Business Matters

Exporting the great outdoors

Local kayak manufacturers surf the pandemic
August 10, 2022 at 4:50 a.m.
Ryan Paul builds a composite sea kayak at Sterling Kayaks in Bellingham on July 21. The business makes its kayaks locally and ships internationally.
Ryan Paul builds a composite sea kayak at Sterling Kayaks in Bellingham on July 21. The business makes its kayaks locally and ships internationally. (Hailey Hoffman/Cascadia Daily News)

Business & Work Columnist

Design locally, sell globally. The pandemic was a tide that lifted all paddlesports as more people sought the relative safety and convenience of the outdoors for recreation. Now, northwest Washington state’s kayak makers are adjusting — and looking at new areas for expansion — in a year when pandemic growth has scaled back.

“Kayaking has exploded since the pandemic,” said Alexandra Vrampas, sales manager for Bellingham-based Sterling Kayaks, while she walked me through the company’s high-ceilinged metal building on Guide Meridian. 

On the warm mid-July day, the large shipping doors had been rolled open and a couple of Sterling’s employees were at work in the back, where high-end composite sea kayaks are built or, perhaps more accurately, crafted.  

Sterling has a storied history. Founded in 2003 by Sterling Donalson, its Reflection model went on to win Outside magazine’s Gear of the Year award in the boat category for 2012 — the same year an electrical fire destroyed everything inside Sterling’s shop except four demo kayaks. Out of that came its current location in Bellingham and a fifth model, the Progression, to join Sterling’s Ice Kap, Illusion, Grand Illusion and Reflection models.

photo Sterling Kayaks' headquarters on Guide Meridian in Bellingham on July 21. The company moved to the new building after an electrical fire destroyed its previous shop in 2012. (Frank Catalano/Cascadia Daily News)  


The company has also navigated changes during the pandemic. Donalson retired last year and sold Sterling Kayaks to area kayaking enthusiasts Scott and Sarah Boden. Along with the wave of increased interest in paddlesports, Sterling began to expand under the new owners.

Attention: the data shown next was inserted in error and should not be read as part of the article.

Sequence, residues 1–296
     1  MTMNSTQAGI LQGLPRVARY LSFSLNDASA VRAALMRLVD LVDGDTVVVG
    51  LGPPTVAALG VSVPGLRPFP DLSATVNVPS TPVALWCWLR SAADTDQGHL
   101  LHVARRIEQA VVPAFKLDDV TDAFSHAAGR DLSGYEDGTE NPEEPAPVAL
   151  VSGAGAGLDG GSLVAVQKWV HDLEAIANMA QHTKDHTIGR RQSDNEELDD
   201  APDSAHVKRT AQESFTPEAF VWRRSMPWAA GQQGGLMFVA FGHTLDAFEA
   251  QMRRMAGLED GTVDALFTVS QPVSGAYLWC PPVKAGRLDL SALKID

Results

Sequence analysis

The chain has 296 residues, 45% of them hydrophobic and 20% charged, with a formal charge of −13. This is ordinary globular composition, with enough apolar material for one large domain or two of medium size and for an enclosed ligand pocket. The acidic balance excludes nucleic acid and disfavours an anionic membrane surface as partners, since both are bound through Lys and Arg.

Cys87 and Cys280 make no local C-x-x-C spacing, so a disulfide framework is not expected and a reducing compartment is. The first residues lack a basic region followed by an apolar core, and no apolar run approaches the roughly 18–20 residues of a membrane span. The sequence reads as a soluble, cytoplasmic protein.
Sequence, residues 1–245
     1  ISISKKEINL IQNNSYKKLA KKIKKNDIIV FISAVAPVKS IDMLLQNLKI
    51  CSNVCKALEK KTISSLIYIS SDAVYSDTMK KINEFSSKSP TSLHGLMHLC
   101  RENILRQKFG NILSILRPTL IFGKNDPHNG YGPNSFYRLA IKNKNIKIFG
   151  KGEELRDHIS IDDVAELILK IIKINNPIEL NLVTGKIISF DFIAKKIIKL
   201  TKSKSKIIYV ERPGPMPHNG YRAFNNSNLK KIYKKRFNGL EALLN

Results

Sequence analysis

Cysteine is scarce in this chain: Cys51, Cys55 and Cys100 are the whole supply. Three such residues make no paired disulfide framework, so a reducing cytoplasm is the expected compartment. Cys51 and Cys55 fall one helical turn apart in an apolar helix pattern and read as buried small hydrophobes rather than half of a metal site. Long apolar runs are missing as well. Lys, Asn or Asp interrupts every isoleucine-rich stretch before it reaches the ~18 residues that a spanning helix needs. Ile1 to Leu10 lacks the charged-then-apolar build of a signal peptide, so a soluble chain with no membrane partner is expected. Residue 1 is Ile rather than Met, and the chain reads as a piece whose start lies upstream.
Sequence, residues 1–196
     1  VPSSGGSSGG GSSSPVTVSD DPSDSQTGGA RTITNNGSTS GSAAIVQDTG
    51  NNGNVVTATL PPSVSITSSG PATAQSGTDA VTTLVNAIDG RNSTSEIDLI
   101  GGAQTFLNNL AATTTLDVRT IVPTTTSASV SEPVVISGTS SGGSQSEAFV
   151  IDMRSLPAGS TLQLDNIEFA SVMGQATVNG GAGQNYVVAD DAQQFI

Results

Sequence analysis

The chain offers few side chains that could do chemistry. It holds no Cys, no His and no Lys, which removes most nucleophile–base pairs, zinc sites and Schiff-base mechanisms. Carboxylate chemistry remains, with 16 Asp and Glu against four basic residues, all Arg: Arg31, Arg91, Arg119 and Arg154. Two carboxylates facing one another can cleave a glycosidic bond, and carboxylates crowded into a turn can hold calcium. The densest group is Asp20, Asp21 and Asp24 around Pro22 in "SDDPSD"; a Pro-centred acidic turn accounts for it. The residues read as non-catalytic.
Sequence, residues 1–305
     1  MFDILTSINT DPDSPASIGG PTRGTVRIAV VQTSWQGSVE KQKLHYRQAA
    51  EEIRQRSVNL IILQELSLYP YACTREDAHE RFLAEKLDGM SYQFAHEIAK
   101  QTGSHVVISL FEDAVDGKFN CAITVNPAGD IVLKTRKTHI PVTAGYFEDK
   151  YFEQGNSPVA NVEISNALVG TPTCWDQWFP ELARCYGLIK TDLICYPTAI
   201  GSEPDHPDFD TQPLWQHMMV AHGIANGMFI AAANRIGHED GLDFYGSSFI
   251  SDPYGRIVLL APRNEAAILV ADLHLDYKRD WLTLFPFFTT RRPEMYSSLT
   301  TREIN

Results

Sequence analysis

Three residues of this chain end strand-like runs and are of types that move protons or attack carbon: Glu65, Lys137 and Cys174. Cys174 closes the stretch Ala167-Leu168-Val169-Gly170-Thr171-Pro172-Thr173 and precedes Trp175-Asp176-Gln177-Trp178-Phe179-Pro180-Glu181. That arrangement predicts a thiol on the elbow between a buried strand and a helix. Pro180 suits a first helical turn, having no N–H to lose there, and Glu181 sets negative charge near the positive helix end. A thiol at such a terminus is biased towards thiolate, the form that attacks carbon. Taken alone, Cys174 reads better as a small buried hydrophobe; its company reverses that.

Over the past year, Vrampas said the company filled a shipping container with 11 kayaks and sent it to a distributor in France. It started a companion fiberglass repair shop in the same Bellingham building, Performance Fiberglass, which works on everything from boats to RVs. Now, Vrampas said, there are about 11 employees across the two connected businesses. 

photo  Sales manager Alexandra Vrampas stands in the showroom with a new custom kayak at Sterling Kayaks. (Hailey Hoffman/Cascadia Daily News)  

But kayak demand began to soften this spring. Vrampas saw a two-fold opportunity to get early pandemic buyers of inexpensive plastic boats to upgrade — a new version of the Illusion, for example, is due this fall  — and to increase Sterling’s reach.

“We’re trying to grow in Europe, but then also grow out on the East Coast and in the Great Lakes area where there’s a lot of sea kayaking as well,” Vrampas said. “We’re kind of unicorns on the East Coast — people have heard of them (our kayaks) but never seen them.”

The market softness observations are echoed by another long-time area kayak maker, Eddyline Kayaks in Burlington. 

“Across the industry, there’s definitely been a slowdown,” said Scott Holley, Eddyline co-owner and president. “Which is a good thing, because it was an unsustainable demand spike.” 

Holley said the overall reduced demand hasn’t hurt Eddyline as much as other vendors.

Like Sterling, larger Eddyline has been busy during the pandemic. It moved into a new building in Burlington just before the pandemic slammed everything shut in 2020. It began production at an additional facility in Queretaro, Mexico in 2021 and was named Best Touring Kayak by the same year.